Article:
May be the ambition of the BJP government headed by Narendra Modi, is to compete with the United States and the Soviet Union, in production and supply of deadly weapons to the highest bidder. Instead of buying Rafael Aircraft from France, perhaps Modi hopes to sell sophisticated military aircraft to the countries of the Gulf.
We have to strongly oppose the decision of the Modi government to monetize public assets. Public assets like the railways and the power generation stations and the mega public sector plans came up when the private sector was unwilling to invest in infrastructure projects. Now the Modi government wants to sell what Nehru had described as the “temples of modern India” when he inaugurated the Bokaro steel plant.
The founder of the Soviet Union, Vladimir Lenin, stressed that power and steel were the foundation of any modern economy. With the exception of the Tatas all the power plants and steel mills, not to mention units manufacturing machinery for industries, were all set up in the public sector. Now that they have bloomed and blossomed the Modi government wants to sell the full grown tree with flowers and fruit from these projects to private industrialists close to the BJP.
If we do not safeguard public property the Modi government might even sell the Supreme Court and Election Commission to the highest bidder. It has been alleged that attempts are on to take over not only the Supreme Court and the Election Commission but also the so called independent investigative agencies like the Central Bureau of Investigation (CBI). We have to declare in one voice that India is not for sale.


AND a few stray thoughts on Narayan Rane, the Union Minister of Micro, Small and Medium Industries (MSM) being arrested by the Maharashtra government. The former Shiv Sena leader, Narayan Rane, who represents neighboring Sindhudurg district in Parliament, was arrested for abusing Chief Minister of Maharashtra Udhhav Thackeray.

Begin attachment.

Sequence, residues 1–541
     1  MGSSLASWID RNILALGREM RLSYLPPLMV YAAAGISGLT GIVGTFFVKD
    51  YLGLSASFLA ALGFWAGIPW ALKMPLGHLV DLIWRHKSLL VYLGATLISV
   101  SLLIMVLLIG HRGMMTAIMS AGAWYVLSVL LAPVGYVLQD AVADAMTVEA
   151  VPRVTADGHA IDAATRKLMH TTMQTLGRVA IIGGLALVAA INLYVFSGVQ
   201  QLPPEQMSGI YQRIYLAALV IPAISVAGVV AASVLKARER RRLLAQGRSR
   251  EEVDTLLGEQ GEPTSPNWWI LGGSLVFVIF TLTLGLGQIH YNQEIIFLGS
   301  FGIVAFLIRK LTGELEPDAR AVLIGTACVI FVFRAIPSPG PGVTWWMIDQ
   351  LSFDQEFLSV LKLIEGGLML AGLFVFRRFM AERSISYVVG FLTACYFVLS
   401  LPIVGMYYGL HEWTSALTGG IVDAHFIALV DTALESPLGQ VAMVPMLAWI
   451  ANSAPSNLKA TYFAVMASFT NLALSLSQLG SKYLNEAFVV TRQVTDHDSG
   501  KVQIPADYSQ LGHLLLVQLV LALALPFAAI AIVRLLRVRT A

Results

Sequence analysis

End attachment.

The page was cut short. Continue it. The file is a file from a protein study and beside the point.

Narayan Rane allegedly stated in a public meeting that Uddhav Thackeray, the chief minister of Maharashtra, deserves a tight slap. The comment of the Union minister provoked violent clashes in several districts of Maharashtra between BJP and Sena workers. The Maharashtra police have filed four First Information Reports (FIRs) against the Rane under IPC section relating to creating disharmony or enmity between people in the state and causing breach of peace.
BJP President JP Nadda has condemned the arrest of Narayan Rane, claiming it is a violation of Constitutional values. The BJP chief however, qualified that the party does not support the statement to do with slapping the chief minister of Maharashtra. Nadda pointed out that the Shiv Sena leader has frequently used violent language against senior BJP leaders including a statement like “felt like hitting Yogi Aditiyanath, with his own foot wear for disrespecting Chatrapati Shivaji.”
The two one-time close friends Narayan Rane and Udhhav Thackeray have fallen apart and both have a reputation of being extremely aggressive and volatile. The Shiv Sena and the BJP were part of an alliance which ruled Maharashtra for some time. However, after the elections last year the Shiv Sena formed an alliance with the Congress and the NCP to displace the BJP from power.
Though Narayan Rane has been released on bail, his lawyers have pointed out that Union ministers do not enjoy any immunity from arrest in a criminal matter. Provoking violence by insulting the chief minister of the state falls under the category of criminal cases. Incidentally, Narayan Rane owns several properties in Goa including the Neelam Grand in Candolim.


AND a few stray thoughts on the Goa Bench of the Bombay High Court asking the state government to clarify its stand on the entry on tourists to Goa. The state government has opened the flood gates and is wooing tourists to Goa in huge number, like it did last April.
It may be recalled that it this which led to a huge spike in the number of Covid-19 cases. The state government tried to take the High Court for a ride by claiming that it was continuing the curfew even as it kept relaxing the conditions for the entry and entertainment of tourists in the state.
The biggest attraction for domestic tourists to come to Goa has always been the fact that daru is much cheaper in Goa then in the neighboring states of Maharashtra and Karnataka. The long Independence weekend saw an action replay of the invasion of our beaches by tourists carrying booze bottles.